Monday, November 25, 2013


The last several days I've been mentally composing, discarding and recomposing my thoughts on the pertinent subject, "Defining Incompentency Downward," which comes to mind whenever I see or hear fresh news reporting about the Obamacare roll-out.

It seems that my entire life, especially following college, has been spent trying to become competent at one thing or another, and once I attained it, putting that competence to work.

It hasn’t been at all easy, but a long time ago in high school (where whatever natural aptitude and talents I had were still sufficient to get me through what I now realize was "the audition") I first read Plato's admonition: “Hard is the good.” 

I believe that, and although it isn't a total surprise to me that I was once able to achieve competence in the academic study of art history at a fine graduate school (I was, after all, interested enough in the subject to choose risking long-term penury by pursuing it deep down the rabbit hole), the fact that I was ultimately able to become a competent lawyer staggers me because mystery, abstraction, and indifference reigned supreme for me in law school.

When I first heard President Obama say that key next steps in the Obamacare roll-out included a “re-roll-out,” “rebranding” and “remarketing,” my initial thoughts were: a) how superficial; b)how expensive; and c)  who's going to pay for this?

Throughout my career I’ve worked with skilled marketing and sales executives extending all the way from junior trainees to CEOs.   

None of these individuals were ever easy on themselves. Most were financially astute and hewed to the maxim “spend the company’s money as if it were your own.”   

I have witnessed and weathered my share of corporate difficulties, even disasters, but until the Obamacare capers and fiascoes, I have never seen such bottom-to-top incompetence and complacency  daily on display.  Serious drug abusers I have known (ironically, all in IT jobs) did far better work with more pride and attention to detail.

N.b.:  I am not forgetting the cur-like serial dishonesty (by-product of contempt, malevolence and perhaps sociopathy) attending the Obamacare incompetence, but that is a subject for another blog. 

Roxy Music: Remake/Remodel (Link)

John Lennon: Gimme Some Truth (Link)

Addendum:  An executive who formerly worked as a senior marketer for Pizza Hut told me this story one night.  At Pizza Hut, the biggest reluctantly pondered imponderable and existential internal corporate question was discerning why Pizza Hut made such lousy pizza.  Long study and massive expenditure ultimately revealed the answer: they had an oven problem.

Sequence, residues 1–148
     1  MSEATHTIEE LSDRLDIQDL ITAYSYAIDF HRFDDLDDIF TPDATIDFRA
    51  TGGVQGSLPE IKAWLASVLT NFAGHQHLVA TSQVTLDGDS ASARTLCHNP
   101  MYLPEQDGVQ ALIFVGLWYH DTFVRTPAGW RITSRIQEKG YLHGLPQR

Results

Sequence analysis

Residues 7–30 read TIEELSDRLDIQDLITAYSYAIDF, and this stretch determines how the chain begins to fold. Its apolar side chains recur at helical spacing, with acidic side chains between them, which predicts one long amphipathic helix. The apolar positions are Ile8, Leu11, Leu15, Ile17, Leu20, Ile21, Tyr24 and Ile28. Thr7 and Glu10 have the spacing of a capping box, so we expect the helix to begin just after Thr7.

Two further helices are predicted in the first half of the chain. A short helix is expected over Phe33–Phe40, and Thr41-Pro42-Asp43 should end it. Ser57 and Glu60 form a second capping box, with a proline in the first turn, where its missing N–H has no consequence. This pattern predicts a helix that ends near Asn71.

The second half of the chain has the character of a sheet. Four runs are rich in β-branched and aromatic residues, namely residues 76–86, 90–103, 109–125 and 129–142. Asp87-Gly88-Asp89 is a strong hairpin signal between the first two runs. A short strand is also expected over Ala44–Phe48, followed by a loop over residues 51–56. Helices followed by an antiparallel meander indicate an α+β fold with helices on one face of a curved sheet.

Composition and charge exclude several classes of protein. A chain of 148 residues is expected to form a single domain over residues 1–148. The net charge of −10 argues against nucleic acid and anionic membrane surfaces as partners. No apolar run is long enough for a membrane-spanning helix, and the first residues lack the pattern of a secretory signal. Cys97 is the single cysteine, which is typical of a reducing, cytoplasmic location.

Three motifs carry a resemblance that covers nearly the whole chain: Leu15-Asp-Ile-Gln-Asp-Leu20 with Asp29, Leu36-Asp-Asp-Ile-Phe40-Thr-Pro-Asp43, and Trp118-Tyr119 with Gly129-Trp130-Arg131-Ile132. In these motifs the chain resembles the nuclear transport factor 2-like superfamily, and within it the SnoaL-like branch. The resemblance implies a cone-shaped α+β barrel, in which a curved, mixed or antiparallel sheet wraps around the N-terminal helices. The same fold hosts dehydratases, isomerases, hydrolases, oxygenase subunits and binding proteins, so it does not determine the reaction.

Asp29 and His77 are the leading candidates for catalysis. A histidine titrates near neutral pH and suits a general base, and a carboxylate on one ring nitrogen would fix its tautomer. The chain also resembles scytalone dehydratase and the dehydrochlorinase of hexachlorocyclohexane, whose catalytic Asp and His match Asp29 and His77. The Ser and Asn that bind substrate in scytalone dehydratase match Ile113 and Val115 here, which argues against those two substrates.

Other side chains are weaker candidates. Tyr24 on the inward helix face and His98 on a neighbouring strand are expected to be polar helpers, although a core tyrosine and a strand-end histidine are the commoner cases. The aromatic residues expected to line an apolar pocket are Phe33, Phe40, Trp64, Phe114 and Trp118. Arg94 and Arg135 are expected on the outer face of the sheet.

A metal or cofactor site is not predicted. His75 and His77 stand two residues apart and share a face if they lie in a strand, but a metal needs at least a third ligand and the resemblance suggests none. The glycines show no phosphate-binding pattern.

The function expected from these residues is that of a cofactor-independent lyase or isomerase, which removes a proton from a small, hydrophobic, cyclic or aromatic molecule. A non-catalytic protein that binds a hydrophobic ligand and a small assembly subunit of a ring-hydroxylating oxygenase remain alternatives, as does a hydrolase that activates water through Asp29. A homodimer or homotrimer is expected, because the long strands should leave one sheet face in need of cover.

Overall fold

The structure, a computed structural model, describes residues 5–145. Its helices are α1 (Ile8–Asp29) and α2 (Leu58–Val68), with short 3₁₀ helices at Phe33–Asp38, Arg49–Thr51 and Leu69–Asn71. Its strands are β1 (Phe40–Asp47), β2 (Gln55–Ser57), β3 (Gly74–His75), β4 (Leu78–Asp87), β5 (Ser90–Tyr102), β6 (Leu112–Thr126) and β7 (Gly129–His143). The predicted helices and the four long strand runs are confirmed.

Pizza Hut ovens, which franchisees were required to purchase, simply could not produce good pizza.  The company devised a retrofitting plan, altering design, and solving the problem. 

However, on a parallel track, the company also ran a cost/benefit analysis comparing total re-engineering costs with the price of remarketing/rebranding; i.e., turning out the same vile product but simply promoting it (presumably) more effectively.

Pizza Hut's Remakers/Remodelers came out on top.   

And that is why Pizza Hut pizza is still beneath contempt.  

My wife always says: "These are the Dark Ages, but even in the Dark Ages people lived enjoyable lives."

Dave Edmunds: Get It (Link) 




  1. And one has to think that having smart wives also helped. I mean, before the invention of artificial light, where else were we to turn, in pursuit of the elusive naomi-watts? (Surely not to wind turbines, I say... by the by we've heard that lately one of the blades flew off a rig and took out several Shetlands in one mad swoop! Not to say I tell you so, but there it is.)

    1. Thanks for following this all the way down. I found Caroline's comments (made in the kitchen one morning; I wish I could remember what prompted them) profound and comforting. I hadn't realized until recently, when I saw some turbines up close in Massachusetts and then started reading more (including the story about Duke Energy and the bald eagles in Wyoming) how very bad the wind turbine situation was, although things I had read previously about their effect on bats really disturbed me. Then when doing some rudimentary picture research for this, I found an article detailing Bryan Ferry's recent comments about them. (I was already aware of Ralph Percy, the Earl of Northumberland's, anti-turbine stance.) I really love these few Roxy Music photos, especially the bottom one, which I'd never seen before. Caroline's job involved in part overseeing publicity shots and they're really, really challenging to get right. This one was certainly an outtake. Late in her career, Caroline worked with the country artist Emmylou Harris, who is very beautiful in real life and, Caroline says, uncommonly nice. People were always telling Emmylou how beautiful she looked in photos and Emmylou (to whom this was just part of the job) explained to them all the hours she spent with a wax pencil in her hand excising images from contact sheets to winnow things down. Ferry definitely has a pretty reliable sense of his own visual image, whatever other faults and inconsistencies he displays. I used to think of Ferry and Eno as a kind of Andre Breton/Tristan Tzara pairing until I realized that they weren't, that was a superficial thought, and I kind of had their roles (or what I perceived as their roles) reversed. Happy Thanksgiving. I should stay in bed today taking care of a messed up back, but that won't be possible. Curtis